PHOENIX -- United Food and Commercial Workers Union Local 99R here said last week it is financing a series of television ads around the country urging current and former Albertson's employees who believe they qualify for back pay for off-the-clock work to file their claims promptly.
Those claims stem from a class-action lawsuit that Albertson's settled out-of-court a year ago -- a suit that involved all store-level personnel but ultimately excluded front-end employees as part of the chain's settlement agreement.
The ads are also serving another purpose -- informing Albertson's front-end personnel that they may be eligible to add their names to a new lawsuit, Jim McLaughlin, organizing coordinator for Local 99R, told SN.
That suit was filed last November in U.S. District Court in Boise, Idaho, Albertson's home base.
McLaughlin said the local wasn't aware of the new lawsuit when it began running the ads here late last year. However, while some Albertson's employees responding to the ad may not be eligible under the original lawsuit, they do qualify under the current one, he noted, and those people are being referred to the Seattle law firm handling the current action.
A spokesman for the UFCW International told SN the union is helping line up plaintiffs for the current suit, as it did in the earlier action.
Albertson's officials could not be reached for comment last week.
The TV ads began appearing in Los Angeles in late May and were expanded last week to 10 additional cities, McLaughlin said: Chicago, Dallas, Denver, Houston, Miami, New York, San Diego, San Francisco, Seattle and Washington. Outside of Los Angeles, the ads are running exclusively on CNN and CNBC, McLaughlin noted.
Although they were scheduled to run for only one week, McLaughlin said Local 99R anticipates buying ads later this month to run an additional 10 weeks in most of those cities.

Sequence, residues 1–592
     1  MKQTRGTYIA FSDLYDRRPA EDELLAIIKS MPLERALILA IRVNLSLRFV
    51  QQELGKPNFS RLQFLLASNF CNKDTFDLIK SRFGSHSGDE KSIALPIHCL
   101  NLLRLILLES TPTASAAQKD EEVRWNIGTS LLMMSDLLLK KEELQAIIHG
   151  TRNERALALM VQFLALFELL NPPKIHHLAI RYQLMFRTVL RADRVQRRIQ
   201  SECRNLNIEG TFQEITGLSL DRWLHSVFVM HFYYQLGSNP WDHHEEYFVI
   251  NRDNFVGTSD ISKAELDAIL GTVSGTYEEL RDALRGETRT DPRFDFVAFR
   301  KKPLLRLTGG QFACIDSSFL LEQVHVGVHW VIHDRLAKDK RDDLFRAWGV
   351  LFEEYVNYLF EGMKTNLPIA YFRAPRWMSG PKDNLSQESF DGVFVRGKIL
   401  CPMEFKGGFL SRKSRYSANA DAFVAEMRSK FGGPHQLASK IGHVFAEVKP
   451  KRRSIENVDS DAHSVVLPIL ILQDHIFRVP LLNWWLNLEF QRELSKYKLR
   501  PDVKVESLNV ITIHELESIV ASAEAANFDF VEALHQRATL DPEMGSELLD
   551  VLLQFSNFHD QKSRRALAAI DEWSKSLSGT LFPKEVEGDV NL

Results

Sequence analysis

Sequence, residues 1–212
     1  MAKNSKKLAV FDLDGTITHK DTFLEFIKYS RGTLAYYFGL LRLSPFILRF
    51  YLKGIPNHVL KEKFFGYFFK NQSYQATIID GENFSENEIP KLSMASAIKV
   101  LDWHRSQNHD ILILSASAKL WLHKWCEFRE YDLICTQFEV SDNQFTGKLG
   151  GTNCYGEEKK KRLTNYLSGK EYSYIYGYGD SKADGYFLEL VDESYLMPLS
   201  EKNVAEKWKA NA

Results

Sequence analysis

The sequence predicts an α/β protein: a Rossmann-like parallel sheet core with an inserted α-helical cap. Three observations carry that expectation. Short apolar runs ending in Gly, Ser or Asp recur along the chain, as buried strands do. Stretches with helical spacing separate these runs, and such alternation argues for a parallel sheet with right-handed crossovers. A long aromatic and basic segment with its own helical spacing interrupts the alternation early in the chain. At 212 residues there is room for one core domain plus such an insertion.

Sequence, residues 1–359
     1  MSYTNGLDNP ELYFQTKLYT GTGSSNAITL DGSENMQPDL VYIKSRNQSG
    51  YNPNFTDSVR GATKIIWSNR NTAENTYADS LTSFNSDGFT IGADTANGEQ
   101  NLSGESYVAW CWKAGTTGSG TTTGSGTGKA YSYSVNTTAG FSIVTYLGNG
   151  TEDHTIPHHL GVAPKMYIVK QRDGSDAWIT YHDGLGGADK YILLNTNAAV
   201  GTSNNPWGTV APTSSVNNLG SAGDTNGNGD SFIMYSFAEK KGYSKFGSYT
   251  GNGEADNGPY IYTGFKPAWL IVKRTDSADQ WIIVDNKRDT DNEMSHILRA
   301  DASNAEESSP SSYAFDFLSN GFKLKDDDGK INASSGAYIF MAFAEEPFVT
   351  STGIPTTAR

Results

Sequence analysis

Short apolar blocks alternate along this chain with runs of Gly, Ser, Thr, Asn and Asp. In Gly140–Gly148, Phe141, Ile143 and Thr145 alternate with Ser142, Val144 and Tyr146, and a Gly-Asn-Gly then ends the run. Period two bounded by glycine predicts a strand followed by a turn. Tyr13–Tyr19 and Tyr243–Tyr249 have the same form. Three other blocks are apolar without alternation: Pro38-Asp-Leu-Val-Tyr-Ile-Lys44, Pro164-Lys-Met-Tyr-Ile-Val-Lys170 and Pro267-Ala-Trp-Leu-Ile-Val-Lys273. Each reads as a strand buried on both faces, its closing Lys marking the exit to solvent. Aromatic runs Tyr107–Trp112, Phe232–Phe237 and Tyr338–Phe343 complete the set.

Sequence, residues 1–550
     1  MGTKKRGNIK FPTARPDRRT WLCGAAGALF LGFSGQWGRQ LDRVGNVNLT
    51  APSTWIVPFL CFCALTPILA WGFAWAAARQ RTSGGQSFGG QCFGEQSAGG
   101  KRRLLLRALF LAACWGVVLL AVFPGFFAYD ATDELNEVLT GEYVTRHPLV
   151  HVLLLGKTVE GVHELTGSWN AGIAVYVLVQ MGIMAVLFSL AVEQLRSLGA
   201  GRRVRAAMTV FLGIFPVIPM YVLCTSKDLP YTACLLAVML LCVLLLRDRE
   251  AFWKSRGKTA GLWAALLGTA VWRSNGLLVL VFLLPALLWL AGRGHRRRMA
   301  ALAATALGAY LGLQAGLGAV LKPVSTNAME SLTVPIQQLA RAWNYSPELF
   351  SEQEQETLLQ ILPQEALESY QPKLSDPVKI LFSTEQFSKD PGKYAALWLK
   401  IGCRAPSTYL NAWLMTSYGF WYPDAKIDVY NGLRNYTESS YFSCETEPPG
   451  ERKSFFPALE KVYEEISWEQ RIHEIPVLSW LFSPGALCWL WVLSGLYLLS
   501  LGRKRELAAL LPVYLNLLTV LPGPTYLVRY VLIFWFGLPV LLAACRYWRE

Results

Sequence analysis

McLaughlin said the UFCW got about 400 responses late last year to the original ad here, while the ad in Los Angeles, which has been running during daytime hours as well as during L.A. Laker playoff broadcasts, has garnered close to 1,000 responses.
Asked why the local decided to finance the ads, McLaughlin replied, "That was just our decision. We wanted to run the ads originally, and we didn't ask for the assistance of any other locals."
The ads were designed as a follow-up to a series of lawsuits filed during 1996 and 1997 on behalf of Albertson's employees, which were ultimately combined by Webster Mrak & Blumberg, a Seattle-based law firm, into a single class-action suit that said the chain had condoned off-the-clock work without compensation between 1993 and 1998. In reaching the settlement last June, Albertson's agreed to allow approximately 100,000 current and former store employees to file claims for back pay.
According to Rick Blumberg, a partner in the law firm, Albertson's agreed to "toll" the three-year statute of limitations for excluded employees to file suit -- "essentially putting the years after the lawsuit was filed in suspended animation and agreeing that those years would not count against filing claims under the statute," Blumberg explained.
He said the current lawsuit charges that Albertson's violated the Fair Labor Standards Act by permitting employees to work off-the-clock without compensation. However, unlike the earlier suit, the current suit is not a class action but was filed on behalf of specific individuals who notified the law firm that they want to be included, Blumberg said.
He said approximately 90 people have asked to be included so far, "and if the trend continues, we think we will end up with between 100 and 200 people over the next few weeks," he told SN.
The court set a trial date of Sept. 30, 2002, for plaintiffs signed up at the end of May, Blumberg said, "and we will seek to file an amended complaint to include additional people."
In the UFCW ads, a voice-over announcer says, "Do you know what working off-the-clock means? You would if you worked for the Albertson's grocery stores.
"Off-the-clock means working but not getting paid. Albertson's employees charged that they were told to work off-the-clock, and then they were threatened for talking about the practice. But with the help of the United Food and Commercial Workers Union, Albertson's has agreed to pay current and former employees millions of dollars in back pay."
The commercial asks viewers who believe they are eligible for claims to visit www.albsuit.com or call (866) 222-5729 -- (866) BACKPAY.
While the announcer talks, various words and phrases appear on the screen, including "Intimidation," "Threats," "UFCW fights back" and "Return your claim form now."